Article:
Poet John Godfrey Saxe was once quoted as saying that "laws, like sausages, cease to inspire respect in proportion as we know how they are made." While tubular meat products and the legal system may be off-limits for those who like to sleep at night the same can't be said of alcoholic beverages. There should be little surprise to find that the exacting science of brewing beer attracts many makers, and for those who are interested in the topic there's a rare treat on offer: Ryan Pierce is running a series walking through the creation of a computer-controlled brewing system for his local hackspace.
While Pumping Station: One, the Chicago hackspace Ryan frequents, had been running a home brewing group for sometime, Ryan had his sights on something a little more elaborate: the equivalent of a CNC mill for beer brewing. "It’s not about eliminating humans. The goal isn't automation to the level of 'push button, get beer,'" Ryan explains in his write up of the project. "Humans will still need to load the ingredients and monitor the process. We don’t want a hose breaking, resulting in 12 gallons of beer wort on the floor and a propane burner melting the bottom of the resulting empty stainless steel keg."
The real reasons behind Ryan's desire for a computer controlled brewing system are threefold: repeatability, to "eliminate human error" and ensure batches can be replicated easily; predictability, with the desire to be able to make use of beer design software currently available to reduce trial and error; and capacity, doubling the batch size the brewing club would be able to produce.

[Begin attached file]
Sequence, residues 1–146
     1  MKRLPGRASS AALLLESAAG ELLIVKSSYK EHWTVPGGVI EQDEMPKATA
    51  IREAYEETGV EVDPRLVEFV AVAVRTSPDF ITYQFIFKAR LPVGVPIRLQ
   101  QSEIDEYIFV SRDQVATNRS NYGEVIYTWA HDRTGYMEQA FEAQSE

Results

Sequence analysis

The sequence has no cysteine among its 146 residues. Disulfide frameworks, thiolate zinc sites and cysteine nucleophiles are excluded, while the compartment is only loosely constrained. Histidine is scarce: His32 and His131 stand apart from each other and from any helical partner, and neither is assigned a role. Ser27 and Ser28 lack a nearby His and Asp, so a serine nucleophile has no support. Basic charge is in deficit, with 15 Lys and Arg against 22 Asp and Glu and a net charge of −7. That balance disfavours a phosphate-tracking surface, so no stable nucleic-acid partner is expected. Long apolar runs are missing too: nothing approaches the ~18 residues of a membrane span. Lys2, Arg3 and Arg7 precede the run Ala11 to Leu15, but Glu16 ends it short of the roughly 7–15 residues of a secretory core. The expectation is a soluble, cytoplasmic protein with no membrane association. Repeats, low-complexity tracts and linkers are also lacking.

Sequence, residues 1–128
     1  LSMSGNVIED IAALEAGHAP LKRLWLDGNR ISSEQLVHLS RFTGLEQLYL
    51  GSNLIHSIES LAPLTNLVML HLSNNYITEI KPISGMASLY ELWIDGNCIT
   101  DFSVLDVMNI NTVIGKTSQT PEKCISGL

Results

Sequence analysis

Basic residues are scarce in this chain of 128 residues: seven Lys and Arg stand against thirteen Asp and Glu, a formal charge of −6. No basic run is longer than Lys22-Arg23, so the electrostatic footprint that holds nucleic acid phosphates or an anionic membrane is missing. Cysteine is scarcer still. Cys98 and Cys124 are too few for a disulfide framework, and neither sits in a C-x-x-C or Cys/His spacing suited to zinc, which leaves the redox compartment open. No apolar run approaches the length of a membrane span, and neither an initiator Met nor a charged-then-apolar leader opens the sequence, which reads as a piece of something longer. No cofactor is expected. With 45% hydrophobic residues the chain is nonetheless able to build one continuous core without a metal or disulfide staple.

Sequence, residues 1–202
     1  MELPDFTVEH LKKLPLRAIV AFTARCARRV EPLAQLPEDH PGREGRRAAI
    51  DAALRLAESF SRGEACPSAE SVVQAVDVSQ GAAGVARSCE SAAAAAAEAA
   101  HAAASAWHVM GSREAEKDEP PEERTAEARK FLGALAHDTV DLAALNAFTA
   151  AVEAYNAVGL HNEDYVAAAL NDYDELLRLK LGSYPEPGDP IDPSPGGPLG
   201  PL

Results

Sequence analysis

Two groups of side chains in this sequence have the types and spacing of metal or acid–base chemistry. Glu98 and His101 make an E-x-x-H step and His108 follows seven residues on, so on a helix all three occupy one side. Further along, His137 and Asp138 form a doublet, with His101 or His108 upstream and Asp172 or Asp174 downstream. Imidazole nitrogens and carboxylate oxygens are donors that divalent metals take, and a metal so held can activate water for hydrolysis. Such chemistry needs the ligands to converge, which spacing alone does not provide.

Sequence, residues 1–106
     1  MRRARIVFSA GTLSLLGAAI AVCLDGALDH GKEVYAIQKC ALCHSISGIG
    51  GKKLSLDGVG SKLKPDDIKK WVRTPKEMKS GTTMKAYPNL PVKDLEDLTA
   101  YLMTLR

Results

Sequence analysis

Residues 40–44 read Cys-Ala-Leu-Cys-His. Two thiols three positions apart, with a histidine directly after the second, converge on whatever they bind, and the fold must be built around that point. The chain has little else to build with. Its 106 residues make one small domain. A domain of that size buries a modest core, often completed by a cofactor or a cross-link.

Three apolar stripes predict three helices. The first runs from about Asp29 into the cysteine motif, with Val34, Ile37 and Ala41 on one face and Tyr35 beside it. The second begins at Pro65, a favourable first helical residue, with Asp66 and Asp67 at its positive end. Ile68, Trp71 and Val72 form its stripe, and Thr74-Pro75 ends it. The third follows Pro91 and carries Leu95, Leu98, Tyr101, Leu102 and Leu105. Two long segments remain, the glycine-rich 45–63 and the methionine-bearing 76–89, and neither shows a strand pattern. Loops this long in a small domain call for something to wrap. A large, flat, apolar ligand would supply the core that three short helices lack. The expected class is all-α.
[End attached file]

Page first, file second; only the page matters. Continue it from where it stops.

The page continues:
"And, well, there are plenty of secondary reasons that can best be described as 'because hackerspace,'" Ryan jokes. "I’ve wanted to learn more about industrial control electronics and the EPICS software environment. It was a great excuse to learn to weld. I had acquired authentic cold war indicator lights from actual nuclear missile systems that needed to be put to an awesome new use. And I could do all that while brewing beer!"
The first part of Ryan's write-up covers an overview of all-grain brewing and the theory behind his design. The second part delves into more practical matters relating to the build in great detail, with more to be published on Ryan's website in the near future. Even if you're not particularly interested in the brewing arts, it's a great look at how hackspace users can approach a fairly large-scale and complex project.
A bit over a year ago, I began a project to build a computer-controlled beer brewing system that Beer Church (Pumping Station: One’s homebrew club) could use to brew all-grain beer. I had no idea when I started this project that it would lead to visiting people from multiple countries, two synchrotron radiation sources, and a nuclear research reactor, or that control systems engineers from international labs would provide assistance.